I did one of these “straight dope” posts (on semicolons) last month, and it went over pretty well, so—voila!—it’s now going to be a regular feature here on the blog! (Aren’t you impressed that I have the power to do that?)
“The Straight Dope” highlights common grammatical errors*—so you can stop looking like an idiot when you do these things incorrectly.** 🙂
All right, kids. Quotation marks! You’re going to have to stop pissing me off with these things.
"I've turned the moon into what I like to call a 'death star.'"
I could enter into a huge discussion about all the uses, but I’ll focus on where I most commonly see hiccups—call me a pessimist for focusing on the negative. (However, I think it’s better not to confuse you about the stuff you’re already doing correctly!)
Q.: Do I use quotation marks with titles?
Only use quotation marks in the titles of short works (songs, poems, short stories, etc.).
Ex: “Gettin Jiggy Wit It” is one of my favorite songs evaaaaar! (Don’t judge me. Click here.)
Q.: When do I use the *single* quotation marks?
A.: Unless you’re using that same symbol as an apostrophe (and you’d BETTER be using the one that curls the right way!), the only time to use “single quotation marks” is when you’re quoting something or mentioning a title (one that needs to be punctuated using quotation marks) within a quotation.
Ex: “‘Gettin Jiggy Wit It’ is one of my favorite songs ever,” said Ricki.
Ex: “She said, ‘I can’t believe I even associate with you!'”
Q.: Do quotation marks go inside or outside commas, periods, question marks, exclamation points, and colons?
A.: This one’s a little more complicated.
Commas and periods go INSIDE closing quotation marks pretty much ALWAYS.
Ex: “I’m not sure if you really need an example of this,” Ricki said.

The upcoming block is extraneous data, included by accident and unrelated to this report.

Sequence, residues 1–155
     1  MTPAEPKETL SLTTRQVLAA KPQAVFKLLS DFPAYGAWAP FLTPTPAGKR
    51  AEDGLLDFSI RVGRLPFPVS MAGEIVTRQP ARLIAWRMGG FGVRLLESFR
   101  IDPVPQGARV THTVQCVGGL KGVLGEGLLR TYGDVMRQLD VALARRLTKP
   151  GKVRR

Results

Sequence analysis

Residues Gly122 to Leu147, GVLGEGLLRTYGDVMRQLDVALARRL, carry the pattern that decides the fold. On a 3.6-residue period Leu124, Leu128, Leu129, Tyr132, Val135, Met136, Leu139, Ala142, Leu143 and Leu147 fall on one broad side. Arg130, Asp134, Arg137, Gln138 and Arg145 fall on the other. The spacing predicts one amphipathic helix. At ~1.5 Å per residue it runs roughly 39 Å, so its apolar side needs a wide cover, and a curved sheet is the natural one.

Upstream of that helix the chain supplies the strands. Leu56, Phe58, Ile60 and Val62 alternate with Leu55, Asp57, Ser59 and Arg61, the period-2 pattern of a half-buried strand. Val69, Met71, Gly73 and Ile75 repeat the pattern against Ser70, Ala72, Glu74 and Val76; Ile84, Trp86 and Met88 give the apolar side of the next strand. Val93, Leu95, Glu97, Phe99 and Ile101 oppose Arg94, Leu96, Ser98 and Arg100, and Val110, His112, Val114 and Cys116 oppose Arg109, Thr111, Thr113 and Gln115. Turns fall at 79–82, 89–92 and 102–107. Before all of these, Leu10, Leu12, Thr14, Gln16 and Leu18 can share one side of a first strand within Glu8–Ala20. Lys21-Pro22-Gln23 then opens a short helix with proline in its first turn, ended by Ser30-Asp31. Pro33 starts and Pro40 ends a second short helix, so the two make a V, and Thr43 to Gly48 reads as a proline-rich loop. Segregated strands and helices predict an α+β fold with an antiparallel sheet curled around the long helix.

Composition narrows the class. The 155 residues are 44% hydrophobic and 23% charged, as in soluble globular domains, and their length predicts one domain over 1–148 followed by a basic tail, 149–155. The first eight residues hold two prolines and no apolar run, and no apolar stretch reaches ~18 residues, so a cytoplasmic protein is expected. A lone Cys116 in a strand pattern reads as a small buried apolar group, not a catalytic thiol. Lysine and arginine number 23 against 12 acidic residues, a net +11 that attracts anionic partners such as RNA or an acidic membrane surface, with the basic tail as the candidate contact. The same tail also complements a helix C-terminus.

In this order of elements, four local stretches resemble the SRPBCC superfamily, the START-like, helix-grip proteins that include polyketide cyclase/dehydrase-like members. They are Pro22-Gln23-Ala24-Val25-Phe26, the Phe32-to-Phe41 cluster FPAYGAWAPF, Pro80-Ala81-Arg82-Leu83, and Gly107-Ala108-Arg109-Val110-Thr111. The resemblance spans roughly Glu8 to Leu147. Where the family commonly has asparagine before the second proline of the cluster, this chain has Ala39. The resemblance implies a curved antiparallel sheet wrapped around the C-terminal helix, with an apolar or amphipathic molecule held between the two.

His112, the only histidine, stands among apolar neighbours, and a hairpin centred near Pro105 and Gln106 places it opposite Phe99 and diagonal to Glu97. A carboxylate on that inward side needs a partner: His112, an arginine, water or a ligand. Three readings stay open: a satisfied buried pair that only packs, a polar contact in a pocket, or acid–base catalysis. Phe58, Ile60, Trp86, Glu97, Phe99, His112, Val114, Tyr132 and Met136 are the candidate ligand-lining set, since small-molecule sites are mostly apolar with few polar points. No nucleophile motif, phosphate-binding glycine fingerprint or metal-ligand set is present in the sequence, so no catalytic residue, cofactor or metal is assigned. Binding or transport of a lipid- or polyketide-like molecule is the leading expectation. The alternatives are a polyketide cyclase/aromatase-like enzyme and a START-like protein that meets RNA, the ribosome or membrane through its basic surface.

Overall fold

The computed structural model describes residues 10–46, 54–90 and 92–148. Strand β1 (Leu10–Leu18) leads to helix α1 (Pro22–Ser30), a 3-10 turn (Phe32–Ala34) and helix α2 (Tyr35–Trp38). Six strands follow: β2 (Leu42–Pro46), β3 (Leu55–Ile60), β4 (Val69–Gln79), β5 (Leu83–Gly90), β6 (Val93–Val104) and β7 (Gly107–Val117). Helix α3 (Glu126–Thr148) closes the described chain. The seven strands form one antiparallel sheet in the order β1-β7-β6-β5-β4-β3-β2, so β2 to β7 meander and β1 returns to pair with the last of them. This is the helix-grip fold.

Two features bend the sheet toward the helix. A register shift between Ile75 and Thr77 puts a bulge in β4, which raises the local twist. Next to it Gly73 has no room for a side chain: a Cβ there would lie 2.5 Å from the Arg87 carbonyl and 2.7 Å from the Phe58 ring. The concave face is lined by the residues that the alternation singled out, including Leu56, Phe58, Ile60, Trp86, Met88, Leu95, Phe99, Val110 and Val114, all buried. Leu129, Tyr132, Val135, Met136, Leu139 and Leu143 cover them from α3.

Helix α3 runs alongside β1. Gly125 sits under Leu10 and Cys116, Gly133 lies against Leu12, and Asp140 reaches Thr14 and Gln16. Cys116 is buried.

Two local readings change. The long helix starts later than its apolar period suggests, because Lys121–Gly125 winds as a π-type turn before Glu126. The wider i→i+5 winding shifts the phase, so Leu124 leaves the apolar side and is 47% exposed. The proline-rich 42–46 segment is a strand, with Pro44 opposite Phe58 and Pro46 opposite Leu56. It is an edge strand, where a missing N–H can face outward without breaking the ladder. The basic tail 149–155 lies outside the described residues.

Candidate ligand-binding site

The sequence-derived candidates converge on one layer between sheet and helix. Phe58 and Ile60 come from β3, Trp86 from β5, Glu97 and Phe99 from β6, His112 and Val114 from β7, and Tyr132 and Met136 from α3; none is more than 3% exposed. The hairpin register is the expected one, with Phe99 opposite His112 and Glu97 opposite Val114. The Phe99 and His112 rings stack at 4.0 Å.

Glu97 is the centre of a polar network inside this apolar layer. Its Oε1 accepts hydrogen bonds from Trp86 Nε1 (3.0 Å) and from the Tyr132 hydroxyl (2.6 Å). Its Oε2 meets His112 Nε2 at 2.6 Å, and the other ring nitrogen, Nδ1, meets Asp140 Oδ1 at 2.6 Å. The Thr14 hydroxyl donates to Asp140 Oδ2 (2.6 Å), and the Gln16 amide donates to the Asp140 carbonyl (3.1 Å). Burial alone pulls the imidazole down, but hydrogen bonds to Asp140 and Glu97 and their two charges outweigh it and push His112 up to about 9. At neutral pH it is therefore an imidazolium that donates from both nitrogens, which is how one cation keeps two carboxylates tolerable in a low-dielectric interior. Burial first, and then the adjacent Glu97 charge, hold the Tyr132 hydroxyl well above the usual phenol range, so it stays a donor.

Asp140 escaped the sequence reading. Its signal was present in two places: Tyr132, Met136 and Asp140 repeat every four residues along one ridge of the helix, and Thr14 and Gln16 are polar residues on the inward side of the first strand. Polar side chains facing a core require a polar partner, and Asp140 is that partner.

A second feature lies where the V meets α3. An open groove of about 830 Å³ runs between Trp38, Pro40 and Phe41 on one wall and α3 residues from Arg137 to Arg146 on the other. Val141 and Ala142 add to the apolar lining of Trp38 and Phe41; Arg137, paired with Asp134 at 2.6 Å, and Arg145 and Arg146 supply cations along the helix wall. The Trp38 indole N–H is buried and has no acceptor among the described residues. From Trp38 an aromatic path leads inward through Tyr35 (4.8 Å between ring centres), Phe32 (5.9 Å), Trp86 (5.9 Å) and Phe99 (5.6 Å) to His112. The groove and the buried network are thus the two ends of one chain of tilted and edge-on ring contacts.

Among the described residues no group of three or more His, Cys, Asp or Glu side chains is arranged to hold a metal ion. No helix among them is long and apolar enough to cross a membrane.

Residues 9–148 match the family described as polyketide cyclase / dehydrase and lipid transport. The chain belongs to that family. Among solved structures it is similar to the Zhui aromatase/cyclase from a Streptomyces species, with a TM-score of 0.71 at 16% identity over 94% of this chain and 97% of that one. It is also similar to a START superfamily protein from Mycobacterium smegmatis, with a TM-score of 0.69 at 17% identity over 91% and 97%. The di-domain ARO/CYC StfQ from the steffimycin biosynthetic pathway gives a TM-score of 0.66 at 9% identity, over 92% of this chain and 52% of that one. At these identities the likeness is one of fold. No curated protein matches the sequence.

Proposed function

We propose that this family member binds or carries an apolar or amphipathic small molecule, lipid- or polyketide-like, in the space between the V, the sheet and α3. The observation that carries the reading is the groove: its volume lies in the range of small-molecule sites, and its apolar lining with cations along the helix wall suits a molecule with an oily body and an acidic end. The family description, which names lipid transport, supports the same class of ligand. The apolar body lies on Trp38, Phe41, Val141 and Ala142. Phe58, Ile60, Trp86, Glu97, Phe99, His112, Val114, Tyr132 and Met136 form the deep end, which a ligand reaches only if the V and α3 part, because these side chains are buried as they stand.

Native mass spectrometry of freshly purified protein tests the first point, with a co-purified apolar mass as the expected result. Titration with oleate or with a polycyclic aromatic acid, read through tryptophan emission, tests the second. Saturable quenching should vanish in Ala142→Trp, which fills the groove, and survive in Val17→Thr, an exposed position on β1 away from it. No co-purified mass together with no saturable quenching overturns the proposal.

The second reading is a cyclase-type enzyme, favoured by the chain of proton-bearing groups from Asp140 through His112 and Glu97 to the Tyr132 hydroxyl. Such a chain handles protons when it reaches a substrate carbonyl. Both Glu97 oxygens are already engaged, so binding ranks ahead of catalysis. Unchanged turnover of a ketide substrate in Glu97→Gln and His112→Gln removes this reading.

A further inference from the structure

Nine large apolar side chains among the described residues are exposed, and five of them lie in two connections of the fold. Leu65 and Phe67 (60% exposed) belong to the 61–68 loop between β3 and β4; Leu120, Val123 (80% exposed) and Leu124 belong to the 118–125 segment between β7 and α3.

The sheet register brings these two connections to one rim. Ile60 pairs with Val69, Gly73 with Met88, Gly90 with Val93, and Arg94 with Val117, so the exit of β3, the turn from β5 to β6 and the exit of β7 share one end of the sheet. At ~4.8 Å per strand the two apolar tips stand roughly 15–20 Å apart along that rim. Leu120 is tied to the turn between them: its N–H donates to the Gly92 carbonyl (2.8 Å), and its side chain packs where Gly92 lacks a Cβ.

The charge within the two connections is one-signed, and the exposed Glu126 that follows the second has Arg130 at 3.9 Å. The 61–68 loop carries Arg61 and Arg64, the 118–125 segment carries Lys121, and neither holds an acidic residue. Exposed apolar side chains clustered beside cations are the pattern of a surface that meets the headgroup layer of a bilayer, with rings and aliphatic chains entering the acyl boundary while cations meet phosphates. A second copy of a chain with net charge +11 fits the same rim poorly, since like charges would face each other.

Ex: “We’re glad you gave us one anyway.”
Ex: Ricki says “the bomb.com,” “faboo,” and “fabulosity.”
With question marks and exclamation points, IT VARIES. If they are part of a quote or spoken dialogue, then the closing quotation mark goes OUTSIDE. If they are not part of a quotation or within dialogue, they go INSIDE. You must look at the whole sentence to determine the correct context.
Ex: They were sick of her ridiculous “vocabulary”!
Ex: Didn’t they find it to be “fantabulous”?
Ex: “Why can’t you just stop?” you ask.
Ex: “I can’t help it!” I exclaim.
With colons, the closing quotation mark ALWAYS GOES INSIDE.
Ex: These are some the “words” from her ridiculous “vocabulary”: “whatevs,” “awesomesauce,” and “ginormous.”
*Please note: Unless otherwise specified, I am giving the proper grammar and formatting rules according to Chicago style.
**I get it: Correct grammar is not always obvious! A lot of the reason we err is because we’re constantly seeing different styles and formats in our everyday lives—newspapers, magazines, (God help us) blogs, etc., all use different styles.
We’re taught basic grammar in grade school. When you move into junior high and high school, teachers start throwing “MLA formatting” at us. And, depending on your area of study in college, you could be facing APA formatting, AP style, Chicago style . . . ahh!
“Why does it matter?” my students would ask.
“Because you (should) want to communicate in a clear and concise way,” I’d say. And then I’d bury my face in my palms.
I wish this video (award-winning YA author John Green’s answer to that annoying question) had been available when I was teaching. It would have saved a lot of time—and probably my liver. I know I linked to this a few weeks ago, but watch it again. (It’s definitely worth a click if you missed it, BTW.)